4 Nov 2016 02:30pm

The tax implications of the Uber ruling

Uber could face a substantial tax bill if last week’s tribunal ruling is upheld and drivers are no longer classed as self-employed
Caption: Anita Monteith from ICAEW’s tax faculty says the tax at stake is “enormous”

The London Central Employment Tribunal ruled last week that two Uber drivers, who, along with 19 other drivers, brought claims against the company, are not self-employed but workers who are entitled to essential workers’ rights including to be paid the National Minimum Wage and receive paid holiday.

Although only the two test claimants, Yaseen Aslam and James Farrar were named in the judgement, Leigh Day, the law firm who represented the drivers, said the judgement applies to all 19 drivers who brought the claim against Uber.

The firm added, “While technically the judgement only applies to the 19 drivers who brought the claim, the reasoning behind the judge’s finding should apply to all Uber drivers.”

If I were in HMRC, I would be paying close attention

Anita Monteith, technical manager in ICAEW’s tax faculty

“This means that every Uber driver can bring a claim, that they are entitled to holiday pay and National Minimum Wage.”

Annie Powell, a lawyer in the employment team at Leigh Day who worked on the case added that the ruling “will impact not just on the thousands of Uber drivers working in this country, but on all workers in the so-called gig economy whose employers wrongly classify them as self-employed and deny them the rights to which they are entitled.”

Maria Ludkin, legal director at the GMB union, who brought the drivers’ claims forward, said, “This loophole that has allowed unscrupulous employers to avoid employment rights, sick pay and minimum wage for their staff and costing the government millions in lost tax revenue will now be closed.”

Anita Monteith, technical manager in ICAEW’s tax faculty said the tax at stake is “enormous”.

She added, “If I were in HMRC, I would be paying close attention.”

The ruling could mean Uber is liable for millions of pounds in National Insurance contributions (NICs) and VAT payments.

However, Uber, who are appealing the ruling, pointed out that the judgment states that the claimants have been classed as workers, not employees, which is an important distinction when it comes to NICs.

A tax tribunal would have to rule that the drivers are employees, for Uber to be forced to pay NICs on employee’s wages, something it has avoided by engaging drivers on a self-employed basis.

If Uber drivers are determined to be employees, rather than just workers, the app will face significant tax burdens.

Tax specialist Jo Maugham estimates that if UK Uber drivers are classified as employees, it could face a bill of £13m per month for NICs alone — £156m a year.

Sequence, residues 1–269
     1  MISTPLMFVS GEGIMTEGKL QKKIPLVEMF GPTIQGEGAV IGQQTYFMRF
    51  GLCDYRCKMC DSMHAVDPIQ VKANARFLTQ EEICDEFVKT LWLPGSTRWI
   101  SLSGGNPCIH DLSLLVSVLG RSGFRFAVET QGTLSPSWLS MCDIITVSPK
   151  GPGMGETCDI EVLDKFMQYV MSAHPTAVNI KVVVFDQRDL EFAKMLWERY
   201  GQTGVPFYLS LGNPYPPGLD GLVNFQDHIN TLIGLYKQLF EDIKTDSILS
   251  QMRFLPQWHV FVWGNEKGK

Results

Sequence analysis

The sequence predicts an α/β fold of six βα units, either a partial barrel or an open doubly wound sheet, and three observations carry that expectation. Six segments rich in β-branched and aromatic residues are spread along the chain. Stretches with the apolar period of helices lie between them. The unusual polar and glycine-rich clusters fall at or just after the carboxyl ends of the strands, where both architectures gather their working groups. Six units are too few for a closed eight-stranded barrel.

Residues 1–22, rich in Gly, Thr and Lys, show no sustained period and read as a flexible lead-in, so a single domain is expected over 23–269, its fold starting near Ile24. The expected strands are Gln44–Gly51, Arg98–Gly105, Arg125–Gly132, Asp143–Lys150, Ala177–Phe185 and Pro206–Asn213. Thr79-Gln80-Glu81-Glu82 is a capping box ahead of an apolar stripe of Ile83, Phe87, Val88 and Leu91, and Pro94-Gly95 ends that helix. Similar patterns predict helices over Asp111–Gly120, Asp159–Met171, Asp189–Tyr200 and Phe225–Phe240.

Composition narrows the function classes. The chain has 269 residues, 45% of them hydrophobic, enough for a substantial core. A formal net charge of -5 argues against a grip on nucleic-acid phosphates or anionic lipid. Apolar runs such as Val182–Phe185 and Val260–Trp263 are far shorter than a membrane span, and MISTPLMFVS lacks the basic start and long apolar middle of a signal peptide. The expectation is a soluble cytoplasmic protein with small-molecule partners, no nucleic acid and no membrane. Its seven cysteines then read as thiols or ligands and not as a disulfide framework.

"If they are found, in what would have to be separate proceedings before a specialist tax tribunal, to be employees then, assuming the 40,000 drivers engaged by Uber earned an average of £600 per week, Uber would accrue a NICs bill of over £13m for every month it has operated — or continues to operate — these arrangements," tax specialist Jo Maugham wrote on his blog.

Maugham added that HMRC has “ample reason” to take a case against Uber.

This loophole that has allowed unscrupulous employers to avoid employment rights, sick pay and minimum wage for their staff

Maria Ludkin, legal director at the GMB union

The drivers themselves would also have to pay a higher tax bill if they are classed as employed, rather than self-employed.

While HMRC said it cannot comment on identifiable cases, a spokesperson said, “The government takes false self-employment very seriously, and is committed to taking strong action where companies, to reduce their costs, force their staff down routes which deny them the employment rights and benefits they are entitled to.

“Where companies are believed to have misclassified individuals as self-employed, HMRC establishes the facts of the case and will take steps to ensure that all the appropriate tax, NICs, interest, and penalties are paid.”

Steven Eckett, employment solicitor at Gardner Leader warned that Uber will still have a lot of changes to make if its drivers are classed as workers and not employees.

He highlighted that workers are entitled to minimum legal rights including the right to claim unfair dismissal, to receive statutory sick pay, maternity, paternity and parental rights; to be paid the national living or minimum wage depending if they are aged 25 or more; to have working time rights such as not to be forced to work more than 48 hours per week, regular rest breaks and night working health and safety standards; and to receive a statement of terms and conditions of employment.

He added that Uber will also need to have a qualifying auto-enrolment pension scheme in place and backdate any pension contributions.

“There is also the issue of immigration. If those you hire are classed as workers then the burden to vet them will be on the business to ensure that all those individuals have the right to live and work in the UK. Failure to do so can lead to fines and ultimately criminal sanctions against the business and also the individual, not to mention the risk of bad publicity should the business fail to compile to any minimum legal employment rights,” Eckett said.

Sinead Moore


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